That is extremely well said and I salute you. You’re a real champion of the underdog.
Thank you I mean I don’t box and I never did but I consider myself quite a social justice warrior.
You’re a fighter and you’re a warrior and that’s for sure. When you were young, when you were a kid, not that you’re not young now.
That’s okay I’m not young now.
But when you were a kid did you think you wanted to be a judge?
Yeah you know I had a different brain I’m probably one of these different brains, I mean when all my other friends at my age were like back in the early 60s were watching Romper Room or whatever else might have been on at the time we didn’t have all of those great choices that we do now obviously and Sesame Street. But I was watching Biography I mean I was really different and I was attracted to segments that dealt with civil rights and injustices and I knew very very early that I wanted to run for office, that I knew. Which office, I wasn’t so sure that was kind of by a process of elimination and going around and shadowing friends of ours back when after I graduated from law school am I interested in this office, or a legislative office, or a local office or whatever, but the judiciary for me seemed like a really good fit and the answer is absolutely I’ve always wanted to do civil rights work I just lectured a symposium at the law school yesterday and I told these law students you know if you want to be a change agent and you want to work in the public interest or the social justice field you know you should do it because we need everybody. We need everybody. And you know I’m living the dream.
Well that’s great and we’re lucky to have you as part of the judiciary.
Thank you it’s a joy.
Well, that’s it for another episode here of Exploring Different Brains we’ve had the privilege of talking to the pioneer in the mental health courts right here in Broward County for the whole nation, Judge Ginger Lerner-Wren of the seventeenth judicial circuit right here in Broward County and thank you so much for being here Judge.
Thank you so much Hackie it’s a real thrill, it’s an honor and I am going to champion neurodiversity in the courts and I’m really excited about that so thank you.
We’re talking today with Judge Ginger Lerner-Wren, the seventeenth judicial circuit in Broward County in the criminal division.[/expand]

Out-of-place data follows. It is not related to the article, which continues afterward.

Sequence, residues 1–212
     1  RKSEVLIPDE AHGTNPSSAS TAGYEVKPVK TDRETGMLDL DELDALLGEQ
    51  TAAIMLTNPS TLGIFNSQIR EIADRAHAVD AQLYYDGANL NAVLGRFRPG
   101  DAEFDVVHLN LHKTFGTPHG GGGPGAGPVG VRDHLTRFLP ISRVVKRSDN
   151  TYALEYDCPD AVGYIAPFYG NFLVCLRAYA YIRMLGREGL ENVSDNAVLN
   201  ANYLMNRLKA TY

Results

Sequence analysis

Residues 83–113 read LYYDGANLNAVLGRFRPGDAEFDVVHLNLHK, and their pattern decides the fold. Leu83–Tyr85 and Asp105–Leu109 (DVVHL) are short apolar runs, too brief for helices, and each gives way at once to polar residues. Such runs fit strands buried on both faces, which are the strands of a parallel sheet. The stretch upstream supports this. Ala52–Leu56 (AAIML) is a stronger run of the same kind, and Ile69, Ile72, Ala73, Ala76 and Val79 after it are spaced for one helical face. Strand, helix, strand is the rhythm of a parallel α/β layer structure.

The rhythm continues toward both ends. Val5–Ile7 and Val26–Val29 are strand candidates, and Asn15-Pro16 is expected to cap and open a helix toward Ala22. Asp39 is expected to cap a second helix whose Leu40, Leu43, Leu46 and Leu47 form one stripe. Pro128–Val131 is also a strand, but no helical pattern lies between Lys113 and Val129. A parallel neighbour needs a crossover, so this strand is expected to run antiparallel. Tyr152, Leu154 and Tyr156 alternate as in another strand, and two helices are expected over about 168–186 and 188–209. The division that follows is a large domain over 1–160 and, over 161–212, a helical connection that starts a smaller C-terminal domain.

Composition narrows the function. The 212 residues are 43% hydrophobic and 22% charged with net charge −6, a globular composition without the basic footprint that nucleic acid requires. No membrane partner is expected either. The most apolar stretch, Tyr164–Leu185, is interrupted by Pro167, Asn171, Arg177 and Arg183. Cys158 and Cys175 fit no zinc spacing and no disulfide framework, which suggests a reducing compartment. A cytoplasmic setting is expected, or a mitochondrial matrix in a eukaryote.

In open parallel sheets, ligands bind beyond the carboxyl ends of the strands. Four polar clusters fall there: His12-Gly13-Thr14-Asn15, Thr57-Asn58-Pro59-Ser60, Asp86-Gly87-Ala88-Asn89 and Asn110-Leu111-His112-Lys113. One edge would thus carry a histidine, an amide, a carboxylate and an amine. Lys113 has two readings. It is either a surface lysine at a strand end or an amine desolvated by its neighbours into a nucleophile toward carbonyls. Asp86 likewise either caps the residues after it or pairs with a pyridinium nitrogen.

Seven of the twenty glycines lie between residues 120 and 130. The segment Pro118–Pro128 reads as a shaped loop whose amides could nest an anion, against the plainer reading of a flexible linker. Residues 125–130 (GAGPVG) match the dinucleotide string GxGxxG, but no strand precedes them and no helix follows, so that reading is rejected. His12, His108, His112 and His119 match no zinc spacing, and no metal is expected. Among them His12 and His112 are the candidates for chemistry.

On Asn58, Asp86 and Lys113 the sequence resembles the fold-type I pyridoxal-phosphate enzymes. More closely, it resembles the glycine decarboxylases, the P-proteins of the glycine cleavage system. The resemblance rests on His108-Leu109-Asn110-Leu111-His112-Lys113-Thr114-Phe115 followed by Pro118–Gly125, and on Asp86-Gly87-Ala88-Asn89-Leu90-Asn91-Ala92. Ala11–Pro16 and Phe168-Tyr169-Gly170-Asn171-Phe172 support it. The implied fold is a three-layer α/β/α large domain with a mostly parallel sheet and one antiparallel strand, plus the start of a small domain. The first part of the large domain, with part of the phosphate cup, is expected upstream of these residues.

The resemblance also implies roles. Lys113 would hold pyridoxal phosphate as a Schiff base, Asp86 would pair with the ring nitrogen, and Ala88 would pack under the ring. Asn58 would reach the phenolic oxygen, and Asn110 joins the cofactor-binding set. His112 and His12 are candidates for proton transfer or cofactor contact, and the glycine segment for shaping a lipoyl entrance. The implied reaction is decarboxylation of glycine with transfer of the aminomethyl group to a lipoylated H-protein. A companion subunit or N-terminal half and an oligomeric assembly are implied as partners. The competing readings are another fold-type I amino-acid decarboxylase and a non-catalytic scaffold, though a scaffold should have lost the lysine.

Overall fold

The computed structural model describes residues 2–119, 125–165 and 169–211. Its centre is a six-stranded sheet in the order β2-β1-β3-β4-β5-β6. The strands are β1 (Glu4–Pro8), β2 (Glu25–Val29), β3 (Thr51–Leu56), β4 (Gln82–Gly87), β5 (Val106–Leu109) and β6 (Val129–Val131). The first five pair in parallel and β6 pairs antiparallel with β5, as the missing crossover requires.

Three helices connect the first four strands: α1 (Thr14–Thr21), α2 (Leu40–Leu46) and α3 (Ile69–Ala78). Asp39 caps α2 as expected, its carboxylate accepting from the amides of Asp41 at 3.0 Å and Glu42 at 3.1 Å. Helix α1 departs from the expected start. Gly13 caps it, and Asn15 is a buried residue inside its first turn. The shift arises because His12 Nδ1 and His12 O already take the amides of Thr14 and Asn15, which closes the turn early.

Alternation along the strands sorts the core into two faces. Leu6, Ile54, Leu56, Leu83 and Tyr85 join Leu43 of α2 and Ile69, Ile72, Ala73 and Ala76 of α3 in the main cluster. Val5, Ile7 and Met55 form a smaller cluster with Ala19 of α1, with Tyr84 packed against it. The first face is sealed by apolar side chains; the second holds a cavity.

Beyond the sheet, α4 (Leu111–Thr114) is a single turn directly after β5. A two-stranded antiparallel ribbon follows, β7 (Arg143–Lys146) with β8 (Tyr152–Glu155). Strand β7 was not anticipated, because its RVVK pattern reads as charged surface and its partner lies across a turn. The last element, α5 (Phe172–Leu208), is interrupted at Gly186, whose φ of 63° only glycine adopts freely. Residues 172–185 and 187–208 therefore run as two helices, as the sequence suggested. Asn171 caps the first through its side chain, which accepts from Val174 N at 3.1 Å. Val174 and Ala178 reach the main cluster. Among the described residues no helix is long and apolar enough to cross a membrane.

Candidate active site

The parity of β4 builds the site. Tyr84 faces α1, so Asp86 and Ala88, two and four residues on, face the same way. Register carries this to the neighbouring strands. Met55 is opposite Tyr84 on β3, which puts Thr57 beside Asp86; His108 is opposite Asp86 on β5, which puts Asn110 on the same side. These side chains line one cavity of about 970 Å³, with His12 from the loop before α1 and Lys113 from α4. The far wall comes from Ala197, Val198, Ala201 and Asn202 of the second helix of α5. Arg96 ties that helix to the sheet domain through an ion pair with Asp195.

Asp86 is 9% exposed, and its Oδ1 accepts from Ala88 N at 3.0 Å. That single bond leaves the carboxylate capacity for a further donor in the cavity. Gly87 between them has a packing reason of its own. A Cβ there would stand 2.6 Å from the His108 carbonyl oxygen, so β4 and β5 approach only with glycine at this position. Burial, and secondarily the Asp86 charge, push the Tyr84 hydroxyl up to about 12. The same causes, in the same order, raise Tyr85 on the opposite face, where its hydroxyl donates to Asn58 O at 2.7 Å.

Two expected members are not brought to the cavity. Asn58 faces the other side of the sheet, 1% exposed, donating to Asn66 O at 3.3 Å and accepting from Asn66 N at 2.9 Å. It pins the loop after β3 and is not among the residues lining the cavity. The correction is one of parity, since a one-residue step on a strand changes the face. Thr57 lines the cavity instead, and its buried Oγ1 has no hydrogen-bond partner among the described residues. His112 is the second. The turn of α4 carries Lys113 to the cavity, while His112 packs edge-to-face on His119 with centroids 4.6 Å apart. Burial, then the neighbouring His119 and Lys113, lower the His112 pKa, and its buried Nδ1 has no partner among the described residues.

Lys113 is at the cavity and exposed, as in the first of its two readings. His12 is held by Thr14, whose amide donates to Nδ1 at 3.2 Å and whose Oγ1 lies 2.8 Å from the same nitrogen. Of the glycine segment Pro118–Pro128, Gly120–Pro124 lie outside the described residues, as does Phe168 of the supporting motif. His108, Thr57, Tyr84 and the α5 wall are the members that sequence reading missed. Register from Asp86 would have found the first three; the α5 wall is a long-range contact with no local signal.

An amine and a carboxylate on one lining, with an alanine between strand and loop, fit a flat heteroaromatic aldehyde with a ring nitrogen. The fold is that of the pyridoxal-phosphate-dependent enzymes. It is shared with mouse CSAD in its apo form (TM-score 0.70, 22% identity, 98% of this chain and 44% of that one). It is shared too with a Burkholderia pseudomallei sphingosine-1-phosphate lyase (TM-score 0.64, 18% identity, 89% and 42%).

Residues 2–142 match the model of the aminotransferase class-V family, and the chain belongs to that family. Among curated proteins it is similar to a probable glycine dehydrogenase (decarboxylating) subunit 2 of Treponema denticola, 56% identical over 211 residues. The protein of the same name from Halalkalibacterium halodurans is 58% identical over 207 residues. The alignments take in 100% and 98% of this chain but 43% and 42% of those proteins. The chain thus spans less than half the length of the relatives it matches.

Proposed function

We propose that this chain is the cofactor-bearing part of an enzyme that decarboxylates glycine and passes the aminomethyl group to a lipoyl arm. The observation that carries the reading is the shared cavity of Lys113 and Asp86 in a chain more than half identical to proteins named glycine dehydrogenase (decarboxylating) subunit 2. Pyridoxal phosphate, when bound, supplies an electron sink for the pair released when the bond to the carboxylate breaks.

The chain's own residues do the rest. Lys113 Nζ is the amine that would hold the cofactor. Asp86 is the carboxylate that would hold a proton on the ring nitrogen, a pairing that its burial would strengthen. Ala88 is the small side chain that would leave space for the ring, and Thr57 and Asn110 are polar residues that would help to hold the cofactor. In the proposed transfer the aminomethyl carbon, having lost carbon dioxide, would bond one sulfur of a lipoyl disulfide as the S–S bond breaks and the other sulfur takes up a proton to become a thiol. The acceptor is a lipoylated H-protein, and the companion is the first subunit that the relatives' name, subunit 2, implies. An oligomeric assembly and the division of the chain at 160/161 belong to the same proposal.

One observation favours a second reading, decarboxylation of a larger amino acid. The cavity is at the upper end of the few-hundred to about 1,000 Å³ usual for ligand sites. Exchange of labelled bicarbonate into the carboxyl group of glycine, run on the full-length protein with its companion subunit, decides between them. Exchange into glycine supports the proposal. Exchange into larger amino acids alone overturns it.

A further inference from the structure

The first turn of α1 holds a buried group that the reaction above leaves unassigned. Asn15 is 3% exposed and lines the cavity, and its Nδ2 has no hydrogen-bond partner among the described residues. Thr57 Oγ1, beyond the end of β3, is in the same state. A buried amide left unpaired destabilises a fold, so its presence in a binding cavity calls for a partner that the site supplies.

This video is owned by Different Brains Inc, kindly donated by it’s original producer PCE Media LLC.
Different Brains® Inc. founder Harold “Hackie” Reitman, M.D. is an author, filmmaker, retired orthopedic surgeon, former professional heavyweight boxer, the past chairman and president (and current board member) of The Boys and Girls Clubs of Broward County, and a neurodiversity advocate. However, it was his role as a father that led to the creation of the DifferentBrains.org website.
Hackie’s daughter Rebecca grew up with epilepsy, 23 vascular brains tumors, and underwent 2 brain surgeries before the age of 5. Her struggles and recovery put him on the road to, through 26 professional heavyweight boxing matches, raising money for children’s charities (to which he donated every fight purse).
Rebecca eventually went on to graduate from Georgia Tech with a degree in Discrete Mathematics, and Dr. Reitman wrote and produced a film based on her experiences there (The Square Root of 2, starring Darby Stanchfield of ABC’s Scandal). After graduation, Rebecca received a diagnosis of Asperger’s syndrome. Hackie, shocked at his own ignorance of the topic despite being an M.D., embarked on years of research that culminated with his book Aspertools: The Practical Guide for Understanding and Embracing Asperger’s, Autism Spectrum Disorders, and Neurodiversity (released by HCI books, publishers of the Chicken Soup for the Soul series).
This experience revealed to Hackie the interconnectedness of the conditions that fall under the neurodiversity umbrella, while alerting him to the in-fighting and fractured relations that often plague the organizations tasked with serving the community. Convinced that overcoming these schisms could help all of society, Hackie forged the Different Brains philosophy of inclusive advocacy: “Supporting Neurodiversity – From Autism to Alzheimer’s and All Brains In Between”.
In the company’s initial years of operation, Hackie self-financed all of the content on DifferentBrains.org, all of which offered free to view to the public. Currently he is the host of our weekly interview show Exploring Different Brains, writes blogs for the site, and tours the country speaking at conferences, conventions and private functions, all with the goal of improving the lives of neurodiverse individuals and their families, and maximizing the potential of those with different brains. Separate from Different Brains, Hackie is the founder and CEO of PCE Media, a media production company focusing on reality based content. He recently co-executive produced the documentary “Foreman”, the definitive feature documentary on legendary boxer and pitchman George Foreman.